By: Mark Casciari and Joy Sellstrom
Seyfarth Synopsis: HIPAA provides no federal cause of action, but alleged HIPAA violations may be remedied in state court under state negligence law.
The Health Insurance Portability and Accountability Act of 1996 (HIPAA) is a federal statute providing for confidentiality of medical records under certain circumstances. It is administered by the federal Department of Health and Human Services (HHS), which can extract substantial fines for non-compliance. Although HIPAA does not provide a private right to sue for HIPAA violations, employers should be aware that remedies for non-compliance are not necessarily limited to federal agency fines.
A recent decision out of the Arizona Court of Appeals makes this point. In Shepherd v. Costco Wholesale Corp., 246 Ariz. 470 (2019), petition for review pending, the plaintiff alleged that, after he cancelled one of two prescriptions with the pharmacy, he requested that his wife (with whom he was reconciling) pick up the live prescription, and that the pharmacy mistakenly gave both to the wife. Plaintiff alleged as well that the cancelled prescription was embarrassing in nature, and that the pharmacist joked about it with the wife. The wife thereafter divorced the plaintiff, and the plaintiff sued the pharmacist to recover damages under a variety of state law tort theories, including negligence based on a state law duty of care informed by HIPAA.
The trial court granted a motion to dismiss, and the plaintiff appealed.
The state intermediate appellate court upheld the dismissal of all counts in the complaint, save the negligence count.
The appellate court stated that, although the negligence claim did not arise under HIPAA, the parties agreed that the pharmacy owed the plaintiff a duty of care to act as a reasonably prudent pharmacist would under the circumstances. The court then found that the allegations in the complaint for wrongful disclosure of protected information were sufficient to survive a motion to dismiss, and allowed the case to enter discovery and perhaps trial phases.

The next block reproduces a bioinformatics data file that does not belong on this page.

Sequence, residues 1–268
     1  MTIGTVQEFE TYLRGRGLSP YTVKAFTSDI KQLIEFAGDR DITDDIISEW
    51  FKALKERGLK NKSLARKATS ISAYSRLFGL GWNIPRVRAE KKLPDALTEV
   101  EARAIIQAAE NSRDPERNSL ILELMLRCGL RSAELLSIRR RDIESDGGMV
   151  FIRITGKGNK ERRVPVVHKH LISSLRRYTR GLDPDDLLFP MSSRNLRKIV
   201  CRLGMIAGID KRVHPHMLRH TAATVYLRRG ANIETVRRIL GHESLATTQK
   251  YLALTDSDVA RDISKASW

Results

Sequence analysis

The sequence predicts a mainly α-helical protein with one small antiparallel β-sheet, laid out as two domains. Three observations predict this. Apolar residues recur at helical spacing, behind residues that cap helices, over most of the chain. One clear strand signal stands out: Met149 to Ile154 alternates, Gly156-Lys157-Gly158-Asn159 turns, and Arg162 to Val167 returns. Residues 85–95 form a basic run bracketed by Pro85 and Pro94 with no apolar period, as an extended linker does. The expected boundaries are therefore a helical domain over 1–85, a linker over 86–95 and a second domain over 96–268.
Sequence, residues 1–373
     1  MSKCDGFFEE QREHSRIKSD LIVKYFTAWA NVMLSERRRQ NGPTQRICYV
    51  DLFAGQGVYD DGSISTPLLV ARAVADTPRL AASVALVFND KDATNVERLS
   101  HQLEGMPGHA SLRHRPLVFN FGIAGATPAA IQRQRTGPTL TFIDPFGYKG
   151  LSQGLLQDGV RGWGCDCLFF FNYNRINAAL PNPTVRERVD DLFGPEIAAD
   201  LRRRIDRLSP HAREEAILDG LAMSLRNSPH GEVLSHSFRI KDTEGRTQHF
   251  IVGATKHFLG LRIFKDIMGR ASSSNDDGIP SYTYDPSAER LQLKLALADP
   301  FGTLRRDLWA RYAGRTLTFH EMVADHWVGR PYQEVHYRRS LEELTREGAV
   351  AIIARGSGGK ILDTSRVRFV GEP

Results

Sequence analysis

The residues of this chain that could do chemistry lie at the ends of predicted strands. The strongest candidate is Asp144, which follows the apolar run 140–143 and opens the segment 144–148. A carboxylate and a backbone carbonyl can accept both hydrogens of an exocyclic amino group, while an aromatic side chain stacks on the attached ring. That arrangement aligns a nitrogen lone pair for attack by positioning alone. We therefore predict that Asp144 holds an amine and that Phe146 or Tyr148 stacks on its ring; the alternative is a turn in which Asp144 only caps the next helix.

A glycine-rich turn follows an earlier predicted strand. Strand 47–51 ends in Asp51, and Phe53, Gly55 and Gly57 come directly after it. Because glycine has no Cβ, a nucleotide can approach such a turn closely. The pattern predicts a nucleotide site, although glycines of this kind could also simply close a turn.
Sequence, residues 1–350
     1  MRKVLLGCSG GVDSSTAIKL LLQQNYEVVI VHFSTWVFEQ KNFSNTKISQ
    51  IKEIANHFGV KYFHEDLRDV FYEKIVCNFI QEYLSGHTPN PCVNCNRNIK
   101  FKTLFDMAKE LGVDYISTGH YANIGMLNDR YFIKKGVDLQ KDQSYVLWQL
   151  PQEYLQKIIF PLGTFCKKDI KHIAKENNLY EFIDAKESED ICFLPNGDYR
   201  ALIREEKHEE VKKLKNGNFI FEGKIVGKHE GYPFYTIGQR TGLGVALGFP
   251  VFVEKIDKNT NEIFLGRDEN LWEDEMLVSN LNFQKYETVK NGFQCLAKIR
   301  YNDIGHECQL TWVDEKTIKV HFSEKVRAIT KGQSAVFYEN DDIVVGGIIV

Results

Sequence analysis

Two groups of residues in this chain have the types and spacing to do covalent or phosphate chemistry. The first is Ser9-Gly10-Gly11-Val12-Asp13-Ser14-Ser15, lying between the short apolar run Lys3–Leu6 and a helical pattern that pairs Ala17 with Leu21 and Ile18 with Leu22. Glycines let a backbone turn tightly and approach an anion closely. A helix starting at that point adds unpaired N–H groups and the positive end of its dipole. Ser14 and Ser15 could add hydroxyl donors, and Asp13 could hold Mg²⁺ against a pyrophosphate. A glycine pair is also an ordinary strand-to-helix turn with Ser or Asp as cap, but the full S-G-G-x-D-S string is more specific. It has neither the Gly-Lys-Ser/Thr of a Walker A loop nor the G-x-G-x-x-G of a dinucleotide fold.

It is noteworthy that the pharmacy argued that HIPAA preempted state law. The court rejected the preemption argument, reasoning that allowing state law claims in this context does not interfere with government enforcement actions authorized by HIPAA. The court stated: “[A]dditional state law remedies encourage compliance with HIPAA by providing further means for patients to recover for harm suffered due to non-compliance.” The court concluded: “[W]e hold HIPAA’s requirements may inform the standard of care in state-law negligence actions just as common industry practice may establish an alleged tortfeasor’s duty of care.”
Lastly, the court, with one judge dissenting, kept alive the related punitive damages claim. Arizona law places no cap on punitive damages, although the United States Constitution forbids excessive punitive damages.
The take-away is — alleged HIPAA violations may be remedied by state lawsuits in addition to HHS fines. Also, stay tuned to state court developments. As noted, a petition for review of the Shepherd intermediate appellate court decision is pending in the Arizona Supreme Court.